David Simon is a Baltimore-based journalist, author and television producer. Born in Washington, he came to Baltimore in 1983 to work as a crime reporter at The Baltimore Sun. While at the paper, he reported and wrote two works of narrative non-fiction, Homicide: A Year On The Killing Streets and The Corner: A Year in the Life of an Inner-City Neighborhood, the former an account of a year spent with the city homicide squad and the latter, a year spent on a West Baltimore drug corner.
Homicide became the basis for the NBC drama, which aired from 1993 to 1999 and for which Simon worked as a writer and producer after leaving The Sun in 1995. The Corner became an HBO miniseries and won three Emmy Awards in 2000. The Wire, a subsequent HBO drama, aired from 2002 to 2008 and depicted a dystrophic American city contending with a fraudulent drug war, the loss of its industrial base, political and educational systems incapable of reform and a media culture oblivious to all of the above.
Simon served as a writer and executive producer of HBO’s Generation Kill, a miniseries depicting U.S. Marines in the early days of the Iraq conflict. Simon also co-created the HBO series Treme, following life in New Orleans after Hurricane Katrina. Treme was nominated for two Emmys, Outstanding Writing in a Miniseries and Outstanding Miniseries. Simon’s most recent project, the HBO miniseries Show Me a Hero, tells the story of Yonkers Mayor Nick Wasicsko who finds himself thrust into racial controversy when a federal court orders to build a small number of low-income housing units in the white neighborhoods.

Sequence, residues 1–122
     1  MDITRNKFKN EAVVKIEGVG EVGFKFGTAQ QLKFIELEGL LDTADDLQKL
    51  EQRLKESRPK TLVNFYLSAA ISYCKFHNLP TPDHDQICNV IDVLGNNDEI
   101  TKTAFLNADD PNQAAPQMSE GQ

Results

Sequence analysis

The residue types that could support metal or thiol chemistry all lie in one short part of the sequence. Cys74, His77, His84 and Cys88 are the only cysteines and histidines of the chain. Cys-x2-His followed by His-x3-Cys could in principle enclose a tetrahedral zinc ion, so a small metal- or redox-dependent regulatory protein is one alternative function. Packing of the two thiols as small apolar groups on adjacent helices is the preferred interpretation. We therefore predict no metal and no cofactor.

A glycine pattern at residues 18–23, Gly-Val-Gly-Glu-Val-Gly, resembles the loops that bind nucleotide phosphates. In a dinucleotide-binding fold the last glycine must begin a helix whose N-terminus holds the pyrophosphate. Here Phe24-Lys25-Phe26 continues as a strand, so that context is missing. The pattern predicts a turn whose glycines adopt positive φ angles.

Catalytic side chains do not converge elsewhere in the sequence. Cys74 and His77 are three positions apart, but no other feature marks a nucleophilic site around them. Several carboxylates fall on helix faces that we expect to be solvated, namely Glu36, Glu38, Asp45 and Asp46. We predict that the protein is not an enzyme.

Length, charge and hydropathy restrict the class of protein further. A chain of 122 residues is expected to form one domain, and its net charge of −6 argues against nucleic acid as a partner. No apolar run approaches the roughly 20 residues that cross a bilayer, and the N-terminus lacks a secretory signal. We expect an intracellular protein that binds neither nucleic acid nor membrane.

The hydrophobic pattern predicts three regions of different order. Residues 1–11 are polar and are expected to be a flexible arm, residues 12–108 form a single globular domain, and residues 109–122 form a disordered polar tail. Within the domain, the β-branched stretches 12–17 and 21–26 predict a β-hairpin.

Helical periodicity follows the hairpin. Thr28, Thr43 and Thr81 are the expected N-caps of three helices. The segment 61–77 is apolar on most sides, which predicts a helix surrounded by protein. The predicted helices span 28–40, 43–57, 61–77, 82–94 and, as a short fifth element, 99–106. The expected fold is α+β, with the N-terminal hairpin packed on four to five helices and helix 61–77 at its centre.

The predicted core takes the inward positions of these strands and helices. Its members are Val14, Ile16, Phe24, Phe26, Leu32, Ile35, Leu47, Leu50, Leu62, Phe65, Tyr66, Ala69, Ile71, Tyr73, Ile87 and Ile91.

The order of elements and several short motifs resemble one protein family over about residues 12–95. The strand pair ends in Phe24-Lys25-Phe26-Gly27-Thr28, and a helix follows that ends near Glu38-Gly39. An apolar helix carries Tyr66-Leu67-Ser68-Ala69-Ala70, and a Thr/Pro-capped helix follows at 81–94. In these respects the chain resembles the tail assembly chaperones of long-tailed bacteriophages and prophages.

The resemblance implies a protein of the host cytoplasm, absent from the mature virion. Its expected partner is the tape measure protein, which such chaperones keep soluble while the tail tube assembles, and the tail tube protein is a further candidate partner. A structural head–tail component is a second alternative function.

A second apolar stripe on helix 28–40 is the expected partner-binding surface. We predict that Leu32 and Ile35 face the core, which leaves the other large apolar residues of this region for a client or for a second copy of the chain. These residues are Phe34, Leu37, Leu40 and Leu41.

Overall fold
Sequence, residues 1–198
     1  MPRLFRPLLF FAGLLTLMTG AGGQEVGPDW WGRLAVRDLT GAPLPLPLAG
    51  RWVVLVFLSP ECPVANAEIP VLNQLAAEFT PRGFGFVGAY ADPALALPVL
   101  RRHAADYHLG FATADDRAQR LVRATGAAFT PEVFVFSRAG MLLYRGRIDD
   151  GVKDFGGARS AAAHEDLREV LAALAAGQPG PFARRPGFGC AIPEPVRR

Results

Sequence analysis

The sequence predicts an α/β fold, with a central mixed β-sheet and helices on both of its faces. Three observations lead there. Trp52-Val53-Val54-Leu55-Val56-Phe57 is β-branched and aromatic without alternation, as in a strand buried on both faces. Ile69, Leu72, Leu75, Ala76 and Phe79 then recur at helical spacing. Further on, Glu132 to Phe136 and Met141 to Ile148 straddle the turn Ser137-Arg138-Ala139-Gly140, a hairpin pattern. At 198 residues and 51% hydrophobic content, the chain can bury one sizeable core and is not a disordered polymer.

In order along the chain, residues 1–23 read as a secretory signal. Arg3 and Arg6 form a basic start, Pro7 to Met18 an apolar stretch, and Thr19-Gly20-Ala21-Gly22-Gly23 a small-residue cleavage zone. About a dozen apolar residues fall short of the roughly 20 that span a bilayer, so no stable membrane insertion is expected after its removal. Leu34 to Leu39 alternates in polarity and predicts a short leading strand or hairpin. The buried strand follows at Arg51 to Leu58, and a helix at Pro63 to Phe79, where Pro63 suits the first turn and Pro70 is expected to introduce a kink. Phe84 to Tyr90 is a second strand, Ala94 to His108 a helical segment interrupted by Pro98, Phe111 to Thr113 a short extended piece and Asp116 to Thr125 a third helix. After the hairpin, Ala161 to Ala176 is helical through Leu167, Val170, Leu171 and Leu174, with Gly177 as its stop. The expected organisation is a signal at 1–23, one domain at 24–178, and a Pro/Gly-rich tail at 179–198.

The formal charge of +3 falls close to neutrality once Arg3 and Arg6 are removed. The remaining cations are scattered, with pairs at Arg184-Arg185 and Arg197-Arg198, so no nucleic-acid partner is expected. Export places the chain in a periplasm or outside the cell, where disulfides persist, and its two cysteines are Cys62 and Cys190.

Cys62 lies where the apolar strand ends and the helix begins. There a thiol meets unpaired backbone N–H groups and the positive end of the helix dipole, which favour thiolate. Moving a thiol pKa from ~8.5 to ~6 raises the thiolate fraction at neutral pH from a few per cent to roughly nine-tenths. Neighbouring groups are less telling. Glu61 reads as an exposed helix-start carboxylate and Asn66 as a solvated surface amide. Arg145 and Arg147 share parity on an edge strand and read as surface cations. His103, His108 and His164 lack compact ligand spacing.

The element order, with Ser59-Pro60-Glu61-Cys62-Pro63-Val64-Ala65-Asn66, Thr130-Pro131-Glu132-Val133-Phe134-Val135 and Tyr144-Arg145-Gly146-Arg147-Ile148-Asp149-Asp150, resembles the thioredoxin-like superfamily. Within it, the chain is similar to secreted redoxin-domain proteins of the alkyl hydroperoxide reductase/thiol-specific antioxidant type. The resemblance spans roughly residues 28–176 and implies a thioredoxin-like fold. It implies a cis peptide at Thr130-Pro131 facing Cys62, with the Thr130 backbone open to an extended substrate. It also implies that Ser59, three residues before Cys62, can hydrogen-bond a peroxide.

Simon also does prose work for The New Yorker, Esquire and The Washington Post, among other publications.
"It was a great event: full house, good conversation, and engaged audience. Everything David says is very thoughtful and articulated so clearly. He was generous with his time by staying and chatting with a crowd of people at the post-program reception, and we all appreciated that."- The J. Paul Getty Trust
"It was AMAZING! I got so much great feedback after the event, including from a few folks who said this was the best luncheon they had ever attended. Thank you so much for all your help!"- National Press Club
"Splendid. We had a full house -- over 500 people -- and they gave him a standing ovation."- Professor of Humanistic Studies, Maryland Institute College of Art (MICA)
"We were also very moved by David’s call, in his keynote talk, for civil disobedience. This will be an important theme for the institute and we are grateful that he sounded that call."- University of California, Los Angeles
"The students loved it, especially the meet & greet. A bunch of people showed up from our school - students, faculty, and staff."- The University of Baltimore School of Law